Category: @Fest

loyiso

There’s probably going to be a lot of empty plinths in South Africa’s major centres soon – well, if this country’s self-styled landscape decolonisers get their way. The problem is: all those statues of Van Riebeeck will probably end up being replaced by statues of other particularly dour and/or problematic personages. So we want to propose something different: put up some statues of popular artists. But which ones would be most suitable? Here are a few proposals.

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I remember seeing hundreds of men and women in red berets, presumably members of the Economic Freedom Fighters (EFF), at the 2013 Cape Town International Jazz Festival. They circulated between stages like fuzzy flying saucers. This year, in Grahamstown, I have seen none. Is the absence of South Africa’s most successful political branding exercise – certainly since democracy – a product of time, geography, a changing political landscape, or something else?

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Albie Sachs says that when he grew up, he didn’t exactly see Cecil John Rhodes as Mr Nice Guy. But when he was at the University of Cape Town, the ethos was to be friendly to him. Although bothered by the presence of Rhodes, Sachs says they had bigger battles to fight at the time. There was academic integration, but social segregation on campus. Obviously all that has now changed.

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To live in Grahamstown is to live at an address of amaz!ng privilege. We’re as spoilt as passengers on a cruise ship: we just wait here drinking aloe daiquiris in the sunshine until the world of art pulls up at the door.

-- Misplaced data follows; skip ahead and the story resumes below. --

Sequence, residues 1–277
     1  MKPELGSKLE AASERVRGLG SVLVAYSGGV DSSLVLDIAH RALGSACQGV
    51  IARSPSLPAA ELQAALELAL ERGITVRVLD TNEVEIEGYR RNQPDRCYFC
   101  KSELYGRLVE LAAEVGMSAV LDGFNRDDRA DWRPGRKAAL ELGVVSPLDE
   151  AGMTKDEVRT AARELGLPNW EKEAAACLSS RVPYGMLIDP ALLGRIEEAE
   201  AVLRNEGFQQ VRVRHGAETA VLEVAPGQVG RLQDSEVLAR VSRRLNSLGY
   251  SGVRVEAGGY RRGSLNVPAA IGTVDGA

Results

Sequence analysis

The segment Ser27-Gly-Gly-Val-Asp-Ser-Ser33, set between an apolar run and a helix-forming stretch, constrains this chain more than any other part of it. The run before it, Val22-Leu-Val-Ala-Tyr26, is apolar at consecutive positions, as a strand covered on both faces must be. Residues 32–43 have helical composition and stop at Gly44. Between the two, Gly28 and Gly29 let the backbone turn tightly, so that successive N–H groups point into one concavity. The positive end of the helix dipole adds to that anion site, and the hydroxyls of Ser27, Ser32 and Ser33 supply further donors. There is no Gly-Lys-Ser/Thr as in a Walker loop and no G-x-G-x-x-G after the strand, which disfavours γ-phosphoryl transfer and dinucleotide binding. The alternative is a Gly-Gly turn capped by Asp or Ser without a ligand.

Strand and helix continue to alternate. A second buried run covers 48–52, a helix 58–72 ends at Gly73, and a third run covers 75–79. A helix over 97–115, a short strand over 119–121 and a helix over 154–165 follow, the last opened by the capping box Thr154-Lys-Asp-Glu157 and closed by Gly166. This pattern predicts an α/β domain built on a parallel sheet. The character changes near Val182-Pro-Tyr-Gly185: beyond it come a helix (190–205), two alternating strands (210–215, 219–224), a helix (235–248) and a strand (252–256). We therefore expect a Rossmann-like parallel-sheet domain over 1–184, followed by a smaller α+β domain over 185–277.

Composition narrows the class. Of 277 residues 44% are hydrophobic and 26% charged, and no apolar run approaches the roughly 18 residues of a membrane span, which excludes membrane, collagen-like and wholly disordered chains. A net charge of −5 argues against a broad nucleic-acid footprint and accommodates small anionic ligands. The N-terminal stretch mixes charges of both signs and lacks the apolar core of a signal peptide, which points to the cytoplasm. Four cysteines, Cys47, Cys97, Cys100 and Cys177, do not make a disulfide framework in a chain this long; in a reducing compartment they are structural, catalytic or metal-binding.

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Rhodes fell in Cape Town, so needless to say being back in Grahamstown this year for my sixth Festival has been a very strange, polarising, yet enriching experience. Last year I skipped it without flinching: I felt I had outgrown the town and the Festival. Now don’t get me wrong: I count myself lucky to have studied my undergrad degree at Rhodes University.

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Antoinette Pienaar is a graphic designer based in Grahamstown who works under the umbrella of Woel Design.

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Throughout this festival I’ve been hearing people rant and rave about Dr Stef and his hypnosis show. Comments have been wide-ranging, from “absolute farce” to “absolutely amazing”, so  I decided to get in on the action and see for myself what all the fuss is about.

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Is satire about freedom of expression or about the freedom to laugh? Should we, as the public be so eager to laugh that we seek entertainment from anything and everything?

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Conrad Koch performs as Chester Missing in Missing at the National Arts Festival, in Grahamstown, 08 July 2015. The puppet performed to a full house. (Photo: CuePix/Tamani Chithambo)

Just in case my isiXhosa middle name may have distracted you: yes, this is another column by another white guy with another original take on white privilege. Once again, another one of us would like to take up even more of your time to talk about us. Let’s put white people in the spotlight. You know, for a change.

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On Saturday 4 July, two middle-aged men were overheard discussing sex workers while standing near the Frontier Hotel taxi rank. “I found two young girls in Durban. They’re willing to come and work during Festival,” one man said. His companion looked anxious. “Don’t worry – they’re fresh; not like the girls from Point Road. They’ll be given clean clothes. Their appearance will be taken care of.”

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